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Joe and Misty were sitting in the Whinstone Tavern and beer erupted out of Joe’s nostrils. He coughed violently a few times and the other patrons looked at him to make sure he was okay. His coughing subsided and he grabbed a paper napkin and blew his nose into it. “Sorry!” he hissed, “Some went down the wrong way! Really!? For what?”

“Embezzlement. She was working at a bank and her first husband convinced her to steal some money. I don’t know much about it because the subject is taboo in our house. I do know three things though. One is that my dad stormed out of the house to bail her out of jail one night and that her ex, Bill Mako, did time while she got probation, and what it feels like to get set up like that. Of course the difference is that I hadn’t done anything except be naïve, dumb and young!”

“Wow.” On one of their first dates the conversation had turned to Misty’s experiences with Sun Life where she briefly worked while living just outside Washington, D.C. Misty had reddened and then gone on to explain that she had had a very bad time as an employee there. An investigation concerning misappropriation of funds at the Bethesda, Maryland branch had at first tainted her with the wide brush of guilt associated with the theft as it seemed likely that she was at least complicit in the financial misdeeds.

Fortunately for Misty an assistant manager had stepped up and testified that it was his boss who had cooked the books and that Misty knew nothing about the shenanigans and that she was only guilty of being young, naïve and overly trusting. She had been completely exonerated but the incident had left her so bitter that she had resigned her job and fled back to Brewster where she sat and licked her wounds for a while. It was the Sun Life incident that had led her to moving to Hartford after getting a job with Connecticut General.

“Yeah, wow! I promise that it wasn’t because we hired a good lawyer and he had a public defender, because she did too! I don’t know how he talked her into it but it sure looks like he was successful!”

“Holy crap! How long ago was this?”

“I had just finished tenth grade so it had to be the summer of seventy six.” Misty guffawed, “Ha! Real independence day!”

“Okay, so don’t talk about Peggy’s arrest record. I think I can remember that! Anything else?”

“Well, not so much something to remember as something to warn you about. My family is very Irish, stereotypical Irish American behavior. We’re big, loud and we drink a lot and stuff. I know you’re not used to that.”

“Oh, that’s too funny! My family can out loud anybody’s that I know and believe me we drink! Ruth never touches the stuff and Phil’s a lightweight but we have plenty of drinkers! Shouldn’t be a problem.”

“Yeah. Joe, it’s the ‘and stuff.’ You are the biggest square I know when it comes to drugs and Peggy is anything but. There could be stuff going on that makes you uncomfortable.”

“Alcohol is a drug.”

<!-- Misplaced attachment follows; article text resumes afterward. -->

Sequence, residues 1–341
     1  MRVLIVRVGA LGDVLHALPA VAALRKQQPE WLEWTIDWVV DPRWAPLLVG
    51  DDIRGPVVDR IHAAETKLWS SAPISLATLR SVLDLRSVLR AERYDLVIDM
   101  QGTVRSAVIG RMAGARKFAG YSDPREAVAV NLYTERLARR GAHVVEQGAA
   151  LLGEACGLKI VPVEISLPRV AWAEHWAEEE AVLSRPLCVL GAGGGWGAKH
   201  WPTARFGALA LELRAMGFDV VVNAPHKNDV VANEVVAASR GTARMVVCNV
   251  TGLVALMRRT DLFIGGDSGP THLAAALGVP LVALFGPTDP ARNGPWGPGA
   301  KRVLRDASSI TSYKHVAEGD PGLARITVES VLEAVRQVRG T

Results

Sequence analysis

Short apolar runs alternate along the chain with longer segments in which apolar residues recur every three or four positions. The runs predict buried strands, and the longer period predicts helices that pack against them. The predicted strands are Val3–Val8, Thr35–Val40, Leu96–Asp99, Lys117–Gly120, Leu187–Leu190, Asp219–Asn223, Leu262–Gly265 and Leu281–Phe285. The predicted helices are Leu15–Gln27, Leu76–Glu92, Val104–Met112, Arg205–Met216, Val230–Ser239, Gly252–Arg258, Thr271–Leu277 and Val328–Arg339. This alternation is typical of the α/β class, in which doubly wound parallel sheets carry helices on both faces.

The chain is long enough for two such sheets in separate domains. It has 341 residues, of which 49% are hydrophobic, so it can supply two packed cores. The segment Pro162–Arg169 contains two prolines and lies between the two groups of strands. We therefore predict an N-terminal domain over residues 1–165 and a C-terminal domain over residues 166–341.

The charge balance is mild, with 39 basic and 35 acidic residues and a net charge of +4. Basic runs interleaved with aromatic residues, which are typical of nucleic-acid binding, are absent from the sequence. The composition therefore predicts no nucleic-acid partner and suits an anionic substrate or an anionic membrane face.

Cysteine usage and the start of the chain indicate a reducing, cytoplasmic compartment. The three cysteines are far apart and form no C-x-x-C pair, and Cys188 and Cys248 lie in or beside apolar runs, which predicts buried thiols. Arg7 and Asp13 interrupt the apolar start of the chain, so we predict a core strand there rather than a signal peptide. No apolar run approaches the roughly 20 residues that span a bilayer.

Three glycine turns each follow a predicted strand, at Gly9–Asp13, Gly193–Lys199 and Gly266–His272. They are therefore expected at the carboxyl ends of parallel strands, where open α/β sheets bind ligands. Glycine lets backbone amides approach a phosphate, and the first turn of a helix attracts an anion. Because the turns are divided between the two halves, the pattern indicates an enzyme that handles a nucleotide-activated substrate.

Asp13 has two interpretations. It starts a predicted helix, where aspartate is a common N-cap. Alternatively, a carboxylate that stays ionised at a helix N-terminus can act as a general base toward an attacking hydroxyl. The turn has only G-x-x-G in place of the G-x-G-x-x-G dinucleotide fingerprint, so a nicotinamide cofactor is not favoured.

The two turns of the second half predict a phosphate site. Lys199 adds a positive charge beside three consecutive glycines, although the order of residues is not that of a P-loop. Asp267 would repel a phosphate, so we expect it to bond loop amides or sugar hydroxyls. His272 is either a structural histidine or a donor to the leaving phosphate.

“Yes, Joe it is,” she said rolling her eyes, “and you know that’s not what I’m talking about!”

“So, if I get uncomfortable I’ll go to a different room. I mean, we’re not talking needles here, are we?”

“Not as far as I know. But stuff doesn’t just mean pot. Peggy and Karl and their friends do things most of us wouldn’t try. ‘Free spirits’ is one way to describe them.”

“You don’t sound like you like them very much.”

“Oh, she’s family and I love her but sometimes the victim thing, the free-spirit, the boys and men and drama just get too much. I do love her and she’s my big sister but she’s definitely my most distant sister. Karl’s weird and I just worry that he’ll drag her down rather than lift her up.”

“That sounds awful! I just have the one brother in law, James, and he’s hard to read but he seems like a good guy. I bet Phil and Courtney get married but so far I haven’t really had to deal with all this extended family stuff. What else should I know?”

“There’s too much to tell! Meghan’s the oldest and she’s married to-“

“Tom! You’ve talked about them before. They have kids, right?”

“Yes! Meghan is due to have their third kid this fall and then she swears she’s done, definitely not planning to keep going like my parents did. Dad kept insisting that they try one more time because he wanted a boy. They have a nine year old Marie and a four year old boy named Michael. We’re going to her house to make the wedding cake.”

“You’re baking the cake?” Joe knew that Misty had earned her associate’s degree in restaurant manager when she was 19 and knew her way around a kitchen but he still thought that baking a wedding cake was a big deal.

“Yeah, Peggy and Karl are on a budget and they want the cake to be all natural. Honey instead of sugar. Butter but no margarine or any kind of manufactured fat, that sort of thing. I don’t mind the real butter but I’m not sure how I’m going to substitute honey for sugar, I have no idea what the conversion is! Peg said chocolate cake with coffee icing, from scratch, and three layers. This should be a learning experience!”

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